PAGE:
Whether they are the little flea markets that sell tat or unwanted memorabilia or the colourful, fragrant spice markets in Morocco, they all hold a fascination for me..
A market traders life must be the same worldwide; the pressure to find the goods and the hope of selling out on the day; the search for items that will sell easily and the balance of cost of acquisition against selling price. In no other place is this balance in such open view as the markets of Morocco. Yet everywhere, if you take a moment to stand and watch, wherever you are you will see the price of this search in the stall holders face, the lines around his eyes from the sun and the worry are a testament to the strain of buying and selling. The disappointment of no sale and the welcome joy of a good price leave equal traces on the face of the market trader, as the wind and rain leave patterns in the dunes of the Moroccan beaches.
I always have an urge to head for a market whenever I get to a town or city, I love the sensory attack that accompanies these places, whether indoor or out. The riot of colours shimmering in the air, the sounds and cries, the smells of meat, fish, vegetables, spices - even clothes and books - and recently, on a long cruise I had the chance to head for the stalls in a variety of places. Tenerife, Cape Verde, Agadir, Casablanca and El Ferrol all provided a feast for my hunger of markets and not one of them let me down. Yet even in the UK I migrate to stalls like a traveller makes for the warmest Inn. I look for the book stand, the green grocer, the baker - oh yes the baker - at this one stall alone does the olfactory sense shift into overdrive and I drool physically at the smells and mentally at the ideas, the shapes, the artisan skill and the ingredients, I imagine the bustle of the early morning bakery, the flour dusting the very air and the heat from the ovens as the bread is shaped, patted and baked.
|Oranges By The Cart Load|
The Spice stalls in Casablanca were all I hoped they would be, colours ablaze and glowing in the damp sunshine, oranges by the cartload, chillies and peppers, lemons, limes and the muted hues of the mounded spices themselves; the ochre of turmeric, the deep red of ground chilli, whole nutmegs and cinnamon sticks in shades of chestnut and burnt umber, the rich pastel shades of the lentils glistening in the low December sun.
|Pastel Shades of Spices|
UK fish stalls are fun places, fishmongers having a humour all of their own, but the colours are muted. Mackerel, cod, plaice and salmon are subdued in shade and lack the vivid reds and blues of mullet, snapper and wrasse from the Mediterranean or the frightful appearance of the monkfish and scabbard fish from the Canaries. The spangling sardines from Portugal, the Tuna from St. Vincent and the coin-scaled mullet from Spain are on neat display in rows of bright eyed freshness in most markets. I say most, because a couple of the Tuna that were brought along for inspection for our onboard chef in St Vincent were not as fresh as our local fishermen purported, judging by the limp flaccid flesh and the red eyes of the specimens - they were a day or two old at best. But most of the fish on display are caught that day, brought stiff and fresh straight from the boats.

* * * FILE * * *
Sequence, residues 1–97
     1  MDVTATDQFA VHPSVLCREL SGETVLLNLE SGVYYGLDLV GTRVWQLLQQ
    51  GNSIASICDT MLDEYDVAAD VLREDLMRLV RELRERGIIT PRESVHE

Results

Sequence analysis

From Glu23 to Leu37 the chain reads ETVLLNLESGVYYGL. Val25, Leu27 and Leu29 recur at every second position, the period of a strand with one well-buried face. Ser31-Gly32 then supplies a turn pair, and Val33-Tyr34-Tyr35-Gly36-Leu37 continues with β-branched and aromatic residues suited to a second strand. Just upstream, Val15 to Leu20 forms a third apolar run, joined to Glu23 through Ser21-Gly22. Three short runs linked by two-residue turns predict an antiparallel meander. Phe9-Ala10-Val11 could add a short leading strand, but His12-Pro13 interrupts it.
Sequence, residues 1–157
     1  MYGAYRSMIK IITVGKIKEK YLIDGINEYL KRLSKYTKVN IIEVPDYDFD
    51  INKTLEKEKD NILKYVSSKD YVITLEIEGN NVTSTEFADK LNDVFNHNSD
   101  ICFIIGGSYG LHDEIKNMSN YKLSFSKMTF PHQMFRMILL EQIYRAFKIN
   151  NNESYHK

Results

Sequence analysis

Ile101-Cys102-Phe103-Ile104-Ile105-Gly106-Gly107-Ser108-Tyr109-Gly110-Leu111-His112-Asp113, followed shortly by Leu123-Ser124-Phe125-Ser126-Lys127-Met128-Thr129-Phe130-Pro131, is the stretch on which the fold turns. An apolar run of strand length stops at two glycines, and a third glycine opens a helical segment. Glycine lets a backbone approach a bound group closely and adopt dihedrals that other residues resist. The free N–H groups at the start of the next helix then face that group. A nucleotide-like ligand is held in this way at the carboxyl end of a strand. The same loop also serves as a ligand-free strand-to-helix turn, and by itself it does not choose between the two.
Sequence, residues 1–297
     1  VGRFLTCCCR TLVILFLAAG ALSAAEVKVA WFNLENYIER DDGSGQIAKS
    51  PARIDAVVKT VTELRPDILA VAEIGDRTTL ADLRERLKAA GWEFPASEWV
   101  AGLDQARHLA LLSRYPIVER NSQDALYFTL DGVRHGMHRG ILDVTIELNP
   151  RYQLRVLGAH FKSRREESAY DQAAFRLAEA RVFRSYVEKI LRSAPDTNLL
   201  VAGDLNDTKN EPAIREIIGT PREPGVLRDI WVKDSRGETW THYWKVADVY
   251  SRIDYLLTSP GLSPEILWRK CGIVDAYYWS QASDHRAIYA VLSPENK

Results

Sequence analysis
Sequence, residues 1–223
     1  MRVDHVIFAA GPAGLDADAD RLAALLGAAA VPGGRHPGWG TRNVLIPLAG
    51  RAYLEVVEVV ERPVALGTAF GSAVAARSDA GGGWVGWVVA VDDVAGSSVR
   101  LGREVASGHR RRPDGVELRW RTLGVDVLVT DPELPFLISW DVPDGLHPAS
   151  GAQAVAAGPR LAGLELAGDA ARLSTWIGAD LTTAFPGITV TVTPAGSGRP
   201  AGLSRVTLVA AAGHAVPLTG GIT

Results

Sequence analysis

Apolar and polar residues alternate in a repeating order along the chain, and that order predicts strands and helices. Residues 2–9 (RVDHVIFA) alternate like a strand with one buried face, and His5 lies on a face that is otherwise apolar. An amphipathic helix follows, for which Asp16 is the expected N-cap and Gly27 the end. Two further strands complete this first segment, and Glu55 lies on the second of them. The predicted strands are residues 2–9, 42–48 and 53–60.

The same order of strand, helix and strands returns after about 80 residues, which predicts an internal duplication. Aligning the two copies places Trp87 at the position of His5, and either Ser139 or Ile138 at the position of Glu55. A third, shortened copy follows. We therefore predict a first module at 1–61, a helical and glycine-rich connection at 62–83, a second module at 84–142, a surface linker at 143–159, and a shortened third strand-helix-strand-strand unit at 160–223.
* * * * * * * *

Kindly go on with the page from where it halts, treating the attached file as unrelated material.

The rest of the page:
And that's another great thing about markets; you get to inspect the goods, discuss them and haggle if you're brave enough. In the UK haggling isn't really the done thing, we don't argue, discuss or debate the goods on offer, we accept them and buy them - or we don't. That's it.
All over the world deep, meaningful conversations take place around the efficacy, quality and price of the items. Markets are places to haggle, argue and act insulted, to quibble over cents, pennies and proportions. You spend time comparing and handling, learning to trust the stall holder, relationships are forged or trashed, cemented or destroyed as you spend your time buying your essential items. I was sitting at the indoor market in Bath recently watching the cheese counter as fists were bumped, hands shaken and friendships obviously made through trade were on display. There was a respect, an honest mutual liking and of course money and cheese changed hands as I sat and supped my afternoon tea.
Don't be afraid of markets, respect them certainly, but watch, if you can, over a cup of coffee, tea or a beer and you'll see the exchanges, the colours, hear the sounds and smell the aromas. You'll see friendships, respect and disdain all in one stall, you'll observe peculiarities, oddities and strangeness, but most of all what you're looking at is human nature in its most basic, intrinsic honesty, you're watching life.
|English Market in Cork City|